SARASOTA, Fla. -- A new study of 8,000 patients with chronic heart failure finds promise in a new class of drugs that may eventually help those here on the Suncoast who need it most.
In the largest heart failure study ever done, drug company Novartis reveals that its investigational heart failure medicine yields better results for patients with chronic heart failure than traditional medication.
According to the American Heart Association, heart failure is one of the most common reasons for hospital admissions among those 65 years and older. “Here in Sarasota County, one in ten patients over the age of sixty five have been diagnosed with heart failure,” says Dr. Daniel Cooper with Cooper Concierge.
Reasons include “previous heart attacks that weaken the heart muscle, and also a muscle disease of the heart, called cardiomyopathy.”
There are medications to expand blood vessels, allowing blood to flow more easily. That makes the heart work easier or more efficiently. “Enalypril is an ACE inhibitor that has been the gold standard to treat patients with heart failure for the past twenty years.”
Now a new study finds a drug combination of angiotensin receptor-neprilysin inhibition with LCZ696 was superior to ace inhibition alone in reducing risks of death and hospitalization for heart failure.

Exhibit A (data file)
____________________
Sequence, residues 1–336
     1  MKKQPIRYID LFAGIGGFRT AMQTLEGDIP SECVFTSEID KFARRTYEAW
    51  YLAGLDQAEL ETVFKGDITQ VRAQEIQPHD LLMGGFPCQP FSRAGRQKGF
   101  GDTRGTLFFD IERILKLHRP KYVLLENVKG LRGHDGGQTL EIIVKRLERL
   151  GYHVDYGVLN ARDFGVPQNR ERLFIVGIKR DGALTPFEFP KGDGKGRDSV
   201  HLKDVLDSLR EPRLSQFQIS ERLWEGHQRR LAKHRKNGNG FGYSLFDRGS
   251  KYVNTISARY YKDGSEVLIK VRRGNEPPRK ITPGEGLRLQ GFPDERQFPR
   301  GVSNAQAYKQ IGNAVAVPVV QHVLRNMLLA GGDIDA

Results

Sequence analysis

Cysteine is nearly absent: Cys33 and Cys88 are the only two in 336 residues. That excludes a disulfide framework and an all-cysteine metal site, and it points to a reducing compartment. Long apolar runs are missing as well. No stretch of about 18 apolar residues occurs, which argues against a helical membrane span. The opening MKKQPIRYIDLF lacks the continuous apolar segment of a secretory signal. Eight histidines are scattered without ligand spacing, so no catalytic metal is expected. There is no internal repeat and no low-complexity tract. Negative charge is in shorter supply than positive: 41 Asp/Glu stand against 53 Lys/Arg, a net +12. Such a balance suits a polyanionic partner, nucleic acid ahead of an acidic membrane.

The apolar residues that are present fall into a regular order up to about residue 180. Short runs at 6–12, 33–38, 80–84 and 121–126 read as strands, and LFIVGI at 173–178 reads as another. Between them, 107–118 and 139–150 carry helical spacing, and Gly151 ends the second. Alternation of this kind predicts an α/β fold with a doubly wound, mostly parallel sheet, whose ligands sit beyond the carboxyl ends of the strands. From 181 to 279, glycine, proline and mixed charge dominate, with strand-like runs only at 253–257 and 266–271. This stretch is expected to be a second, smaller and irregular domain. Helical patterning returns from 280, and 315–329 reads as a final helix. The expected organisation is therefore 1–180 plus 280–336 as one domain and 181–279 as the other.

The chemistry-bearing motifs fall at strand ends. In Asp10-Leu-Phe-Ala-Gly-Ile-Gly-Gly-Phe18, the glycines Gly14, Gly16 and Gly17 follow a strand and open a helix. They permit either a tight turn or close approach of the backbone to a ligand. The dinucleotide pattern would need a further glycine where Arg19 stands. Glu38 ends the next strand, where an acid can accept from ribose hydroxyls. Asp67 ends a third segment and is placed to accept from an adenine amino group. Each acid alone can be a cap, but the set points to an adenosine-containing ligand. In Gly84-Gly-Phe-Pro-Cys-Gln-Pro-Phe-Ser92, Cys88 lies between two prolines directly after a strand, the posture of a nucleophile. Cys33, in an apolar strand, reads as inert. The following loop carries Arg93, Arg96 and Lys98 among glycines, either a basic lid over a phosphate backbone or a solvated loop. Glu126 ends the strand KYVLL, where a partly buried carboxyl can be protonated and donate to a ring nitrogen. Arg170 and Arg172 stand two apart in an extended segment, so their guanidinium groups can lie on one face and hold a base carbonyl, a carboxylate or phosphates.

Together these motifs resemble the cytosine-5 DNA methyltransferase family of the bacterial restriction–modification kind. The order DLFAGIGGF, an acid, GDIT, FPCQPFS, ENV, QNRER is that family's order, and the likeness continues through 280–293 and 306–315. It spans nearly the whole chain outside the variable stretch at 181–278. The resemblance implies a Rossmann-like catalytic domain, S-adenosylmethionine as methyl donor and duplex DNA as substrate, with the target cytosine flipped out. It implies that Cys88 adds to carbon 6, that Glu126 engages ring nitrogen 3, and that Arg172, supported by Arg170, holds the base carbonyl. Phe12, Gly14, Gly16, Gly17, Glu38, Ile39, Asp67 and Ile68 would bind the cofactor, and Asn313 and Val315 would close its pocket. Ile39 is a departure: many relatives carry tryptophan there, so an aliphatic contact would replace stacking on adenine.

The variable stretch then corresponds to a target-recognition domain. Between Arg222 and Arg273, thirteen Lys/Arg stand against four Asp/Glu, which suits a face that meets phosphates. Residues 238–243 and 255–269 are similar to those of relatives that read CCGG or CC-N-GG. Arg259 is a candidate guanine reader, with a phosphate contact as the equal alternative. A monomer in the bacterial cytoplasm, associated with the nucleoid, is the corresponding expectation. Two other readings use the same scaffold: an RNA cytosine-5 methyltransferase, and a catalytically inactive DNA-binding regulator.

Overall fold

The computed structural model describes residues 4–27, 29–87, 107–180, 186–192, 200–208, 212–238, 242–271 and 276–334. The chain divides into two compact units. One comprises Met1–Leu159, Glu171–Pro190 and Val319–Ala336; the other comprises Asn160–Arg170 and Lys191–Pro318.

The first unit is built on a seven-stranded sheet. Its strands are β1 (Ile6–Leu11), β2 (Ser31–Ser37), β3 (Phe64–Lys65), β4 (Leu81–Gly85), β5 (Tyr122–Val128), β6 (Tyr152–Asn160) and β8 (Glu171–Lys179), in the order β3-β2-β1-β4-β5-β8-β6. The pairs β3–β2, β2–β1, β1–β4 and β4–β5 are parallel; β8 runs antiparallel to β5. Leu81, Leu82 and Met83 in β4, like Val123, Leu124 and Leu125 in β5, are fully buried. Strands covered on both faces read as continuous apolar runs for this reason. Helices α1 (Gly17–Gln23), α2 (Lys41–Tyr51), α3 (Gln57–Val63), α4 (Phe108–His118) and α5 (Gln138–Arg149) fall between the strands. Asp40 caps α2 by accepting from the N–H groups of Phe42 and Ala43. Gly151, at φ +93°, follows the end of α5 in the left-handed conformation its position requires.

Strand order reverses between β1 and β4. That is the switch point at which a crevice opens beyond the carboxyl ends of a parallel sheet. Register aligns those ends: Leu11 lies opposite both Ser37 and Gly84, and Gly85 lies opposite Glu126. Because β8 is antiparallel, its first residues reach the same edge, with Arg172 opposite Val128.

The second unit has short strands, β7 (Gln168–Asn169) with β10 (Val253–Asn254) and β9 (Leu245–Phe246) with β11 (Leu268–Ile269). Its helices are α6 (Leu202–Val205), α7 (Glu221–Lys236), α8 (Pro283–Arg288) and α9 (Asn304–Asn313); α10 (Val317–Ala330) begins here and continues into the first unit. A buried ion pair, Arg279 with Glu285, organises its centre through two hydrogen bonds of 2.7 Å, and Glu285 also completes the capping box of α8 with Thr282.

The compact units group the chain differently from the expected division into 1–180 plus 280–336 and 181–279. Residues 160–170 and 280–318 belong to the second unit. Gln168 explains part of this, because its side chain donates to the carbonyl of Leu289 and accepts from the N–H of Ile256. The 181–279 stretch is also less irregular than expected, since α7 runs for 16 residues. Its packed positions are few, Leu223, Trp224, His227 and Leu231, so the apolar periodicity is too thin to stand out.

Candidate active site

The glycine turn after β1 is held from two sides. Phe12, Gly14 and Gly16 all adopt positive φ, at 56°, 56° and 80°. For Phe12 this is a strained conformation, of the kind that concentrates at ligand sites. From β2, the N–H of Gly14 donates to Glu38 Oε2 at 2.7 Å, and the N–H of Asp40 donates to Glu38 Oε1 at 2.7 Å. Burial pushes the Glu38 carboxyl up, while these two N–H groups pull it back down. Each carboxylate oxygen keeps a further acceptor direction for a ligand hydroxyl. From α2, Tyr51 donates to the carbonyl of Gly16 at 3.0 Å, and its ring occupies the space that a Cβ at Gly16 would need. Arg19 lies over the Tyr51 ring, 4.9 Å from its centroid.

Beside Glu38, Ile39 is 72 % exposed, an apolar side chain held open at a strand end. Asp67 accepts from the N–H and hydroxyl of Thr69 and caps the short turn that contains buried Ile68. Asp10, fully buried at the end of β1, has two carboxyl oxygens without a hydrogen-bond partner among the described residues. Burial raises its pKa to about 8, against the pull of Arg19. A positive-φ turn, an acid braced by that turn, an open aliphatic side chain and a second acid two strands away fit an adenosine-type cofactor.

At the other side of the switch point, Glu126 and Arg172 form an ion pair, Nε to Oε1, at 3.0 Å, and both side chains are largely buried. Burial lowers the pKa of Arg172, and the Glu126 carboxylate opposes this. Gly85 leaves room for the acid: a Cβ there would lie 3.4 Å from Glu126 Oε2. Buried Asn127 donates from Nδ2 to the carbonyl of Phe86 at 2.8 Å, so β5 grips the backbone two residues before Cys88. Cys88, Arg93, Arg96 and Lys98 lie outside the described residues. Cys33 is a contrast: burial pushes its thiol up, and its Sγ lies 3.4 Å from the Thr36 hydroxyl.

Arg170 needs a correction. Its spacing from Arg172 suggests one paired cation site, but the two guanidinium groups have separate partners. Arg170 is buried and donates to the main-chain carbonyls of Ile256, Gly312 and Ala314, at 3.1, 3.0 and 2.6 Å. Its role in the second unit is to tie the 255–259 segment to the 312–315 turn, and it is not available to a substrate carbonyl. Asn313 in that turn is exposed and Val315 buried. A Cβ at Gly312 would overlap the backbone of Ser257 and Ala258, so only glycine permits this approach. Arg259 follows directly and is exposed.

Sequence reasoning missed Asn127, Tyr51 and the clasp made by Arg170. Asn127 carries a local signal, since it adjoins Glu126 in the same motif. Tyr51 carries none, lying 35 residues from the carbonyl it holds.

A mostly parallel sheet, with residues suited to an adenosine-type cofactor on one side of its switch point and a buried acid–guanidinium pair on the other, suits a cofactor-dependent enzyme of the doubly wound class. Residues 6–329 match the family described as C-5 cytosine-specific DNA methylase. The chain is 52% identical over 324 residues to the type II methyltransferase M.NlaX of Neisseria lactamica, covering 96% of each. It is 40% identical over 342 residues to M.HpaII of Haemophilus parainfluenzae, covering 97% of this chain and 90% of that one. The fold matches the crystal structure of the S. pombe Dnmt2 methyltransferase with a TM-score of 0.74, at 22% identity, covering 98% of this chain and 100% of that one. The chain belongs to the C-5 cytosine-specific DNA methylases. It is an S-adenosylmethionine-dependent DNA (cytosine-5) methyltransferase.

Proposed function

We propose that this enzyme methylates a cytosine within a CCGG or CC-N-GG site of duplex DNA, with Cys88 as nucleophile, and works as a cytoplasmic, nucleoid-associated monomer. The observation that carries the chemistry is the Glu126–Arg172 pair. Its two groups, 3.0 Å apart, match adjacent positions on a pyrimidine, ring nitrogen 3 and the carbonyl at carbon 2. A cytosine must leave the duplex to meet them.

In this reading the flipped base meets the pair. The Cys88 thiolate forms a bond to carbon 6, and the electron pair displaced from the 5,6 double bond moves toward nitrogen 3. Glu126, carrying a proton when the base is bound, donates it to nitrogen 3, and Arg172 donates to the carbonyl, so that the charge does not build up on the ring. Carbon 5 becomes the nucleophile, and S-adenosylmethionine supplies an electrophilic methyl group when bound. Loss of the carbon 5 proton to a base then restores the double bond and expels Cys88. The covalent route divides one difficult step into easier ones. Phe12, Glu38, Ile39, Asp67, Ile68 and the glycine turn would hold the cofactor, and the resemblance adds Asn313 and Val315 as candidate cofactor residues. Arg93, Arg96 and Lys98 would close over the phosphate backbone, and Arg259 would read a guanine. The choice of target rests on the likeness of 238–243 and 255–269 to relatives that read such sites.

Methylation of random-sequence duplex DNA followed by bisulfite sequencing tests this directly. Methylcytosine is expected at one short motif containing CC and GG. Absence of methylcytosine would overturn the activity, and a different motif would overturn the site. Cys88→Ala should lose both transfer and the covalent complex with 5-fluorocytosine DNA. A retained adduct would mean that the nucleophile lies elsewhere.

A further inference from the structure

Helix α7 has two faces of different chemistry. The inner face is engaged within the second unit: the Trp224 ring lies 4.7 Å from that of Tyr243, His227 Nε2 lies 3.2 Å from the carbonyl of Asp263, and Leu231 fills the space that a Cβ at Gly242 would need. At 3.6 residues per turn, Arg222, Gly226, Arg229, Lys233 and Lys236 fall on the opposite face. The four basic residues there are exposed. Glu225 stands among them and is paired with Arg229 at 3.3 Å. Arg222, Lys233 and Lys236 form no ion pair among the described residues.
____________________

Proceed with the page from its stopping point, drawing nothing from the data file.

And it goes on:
Heart patient Bob Gault says the science behind this is wonderful. “I'm hoping that this new drug, although I don't have that condition, may someday prevent heart failure and help people not even have to go through that difficulty.”
The study of 8,000 patients stands to help many more. “That medical science is bringing hope to so many millions of people who suffer from heart failure.”
The study is significant for three main reasons, says Dr. Cooper. “One, it reduced the number of patients dying by 16%. It also decreased the number of admissions to the hospital by 20%. And in addition to that, it significantly improved their quality of life.”
Dr. Cooper says the U.S. health care system spends close to $40 billion a year on patients with heart failure. With a million admissions a year, if we can cut the re-admissions by 20%, we can reduce by 200,000 admissions. This can potentially save $8 billion a year in the health care system.